Age Discrimination — Not Part of a Sustainable Growth Strategy

Age discrimination is alive and well. There. I said it. Believe it or not, there is a law against this sort of practice. Yet, by and large, it goes undetected and unenforced. It reminds me of that FCC law that went into effect several years ago, prohibiting TV programs from broadcasting commercials at a louder volume than the program itself. A lot of good that did. I’m finding myself doing what my grandpa did when I was a kid – mute the commercials.

I wish I could mute the hiring executives who insist on hiring sales reps or marketing managers younger than 40. What’s the matter with prospective employees who are 40 or older? Is 40 when the warranty expires? Is it akin to pro football or baseball, in which many players over 30 are deemed high-risk damaged goods?

Let’s step back and look at some of the misguided reasons why hiring companies continue to engage in age discrimination.

  1. Concerns over cultural fit — I was told that the average age at my software company client’s headquarters is 29. Well, of course, we all know that it’s impossible for a 48-year-old to fit in, thrive, and interact constructively amongst younger peers. Unbelievable! Every sales organization I’ve ever managed included a healthy mix of twenty-somethings, thirty-somethings, forty-somethings, fifty-somethings, and some with sixty-somethings. Not only did they all manage to play nice in the sandbox together, but they all brought to the table a fresh blend of perspectives, insight and recommendations. And yes, they all performed equally well.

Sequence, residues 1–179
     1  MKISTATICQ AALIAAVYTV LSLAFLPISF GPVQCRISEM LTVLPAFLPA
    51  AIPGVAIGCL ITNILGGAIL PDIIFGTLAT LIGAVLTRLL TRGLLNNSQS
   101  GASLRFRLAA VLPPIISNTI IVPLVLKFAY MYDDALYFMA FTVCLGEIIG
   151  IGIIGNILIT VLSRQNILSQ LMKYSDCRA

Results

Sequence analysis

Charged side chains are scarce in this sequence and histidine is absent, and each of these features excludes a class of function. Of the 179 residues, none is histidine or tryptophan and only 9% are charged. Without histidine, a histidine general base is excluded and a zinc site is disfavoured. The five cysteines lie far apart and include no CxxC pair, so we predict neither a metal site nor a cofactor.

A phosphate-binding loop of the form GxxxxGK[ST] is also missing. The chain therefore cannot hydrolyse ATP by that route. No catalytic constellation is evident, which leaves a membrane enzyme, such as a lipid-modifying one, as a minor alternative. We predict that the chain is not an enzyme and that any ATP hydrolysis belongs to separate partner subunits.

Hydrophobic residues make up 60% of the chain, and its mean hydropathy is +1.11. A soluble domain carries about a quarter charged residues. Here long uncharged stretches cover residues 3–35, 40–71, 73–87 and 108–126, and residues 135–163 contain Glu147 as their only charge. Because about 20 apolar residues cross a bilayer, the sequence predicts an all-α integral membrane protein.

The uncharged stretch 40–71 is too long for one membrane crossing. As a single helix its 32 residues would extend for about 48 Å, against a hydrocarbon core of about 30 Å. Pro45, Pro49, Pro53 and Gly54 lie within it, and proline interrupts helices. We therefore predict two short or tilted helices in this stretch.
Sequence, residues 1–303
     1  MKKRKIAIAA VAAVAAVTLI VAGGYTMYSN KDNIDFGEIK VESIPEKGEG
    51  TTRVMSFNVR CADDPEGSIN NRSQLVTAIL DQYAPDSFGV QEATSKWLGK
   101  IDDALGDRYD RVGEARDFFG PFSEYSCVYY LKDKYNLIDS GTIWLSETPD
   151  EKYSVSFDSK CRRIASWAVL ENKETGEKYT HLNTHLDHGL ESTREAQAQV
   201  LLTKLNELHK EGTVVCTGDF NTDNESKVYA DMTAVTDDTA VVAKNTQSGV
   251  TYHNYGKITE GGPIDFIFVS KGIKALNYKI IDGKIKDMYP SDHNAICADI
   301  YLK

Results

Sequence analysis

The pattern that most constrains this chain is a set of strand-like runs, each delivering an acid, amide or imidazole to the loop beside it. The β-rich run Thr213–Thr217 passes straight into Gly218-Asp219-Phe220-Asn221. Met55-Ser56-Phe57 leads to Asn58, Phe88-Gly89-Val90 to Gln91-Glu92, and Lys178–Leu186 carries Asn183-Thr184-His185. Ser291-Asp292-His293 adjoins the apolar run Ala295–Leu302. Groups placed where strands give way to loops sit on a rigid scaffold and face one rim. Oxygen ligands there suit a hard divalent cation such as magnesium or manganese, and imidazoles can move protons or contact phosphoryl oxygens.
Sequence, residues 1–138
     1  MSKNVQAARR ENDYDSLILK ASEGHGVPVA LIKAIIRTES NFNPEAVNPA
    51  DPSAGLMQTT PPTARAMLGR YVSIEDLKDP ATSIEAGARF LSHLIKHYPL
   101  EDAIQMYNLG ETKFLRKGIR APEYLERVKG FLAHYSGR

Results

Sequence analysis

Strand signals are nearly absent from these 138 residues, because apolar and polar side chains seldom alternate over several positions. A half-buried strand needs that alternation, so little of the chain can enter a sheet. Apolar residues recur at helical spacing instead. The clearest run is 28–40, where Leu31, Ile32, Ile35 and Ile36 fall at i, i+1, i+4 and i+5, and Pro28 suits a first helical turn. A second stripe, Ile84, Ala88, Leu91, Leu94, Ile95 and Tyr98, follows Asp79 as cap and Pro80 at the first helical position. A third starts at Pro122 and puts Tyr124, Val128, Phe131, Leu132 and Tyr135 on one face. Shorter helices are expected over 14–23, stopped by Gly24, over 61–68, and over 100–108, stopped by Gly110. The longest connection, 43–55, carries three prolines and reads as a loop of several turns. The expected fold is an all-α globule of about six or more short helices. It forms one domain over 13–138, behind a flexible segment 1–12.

1. Concerns of being overqualified – Oh no, we don’t dare hire people with rich experience and wisdom! This concern is usually code for, “Your 50-year-old candidate may be highly qualified for the role, but he’s bound not to be coachable and will likely bring plenty of baggage, including all his nasty habits ingrained over the years.” It seems as though these hiring executives prefer a subservient, moldable ball of clay over a fine wine. The other reason for this concern stems from hiring executives’ belief that no one in their 40s or 50s would really want to pursue the position and stay in it. Funny thing, though – most 40- and 50-year-old candidates have demonstrated more longevity and loyalty in the roles they’ve taken than their millennial counterparts ever will.
  1. Prefer a high-energy up-and-comer athlete over someone on the downslope of their career – Because as we all know, older professionals are devoid of energy, drive, enthusiasm, and the ability to perform. What are we talking about here…ED? Do we really need to invent Viagra for Salespeople? Well, guess what – the person on the “downslope of their career” has just as much to prove (and gain) as the proverbial up-and-comer.
  1. Older candidates inherently have greater demands both inside (i.e., higher compensation) and outside of the workplace (e.g., caring for an elderly parent as well as kids). Well, actually, we all have demands that pull us in conflicting directions at any given time. That’s life. As for compensation, perhaps older candidates are at a different place in their life. Maybe their kids are done with college and the mortgage has since been paid off. That doesn’t preclude them from wanting to make as much money as possible, but it could mean that their priorities have shifted a bit — more interested in the role, company or industry instead of just focusing on the base and OTE. Last time I checked, this can be a good thing.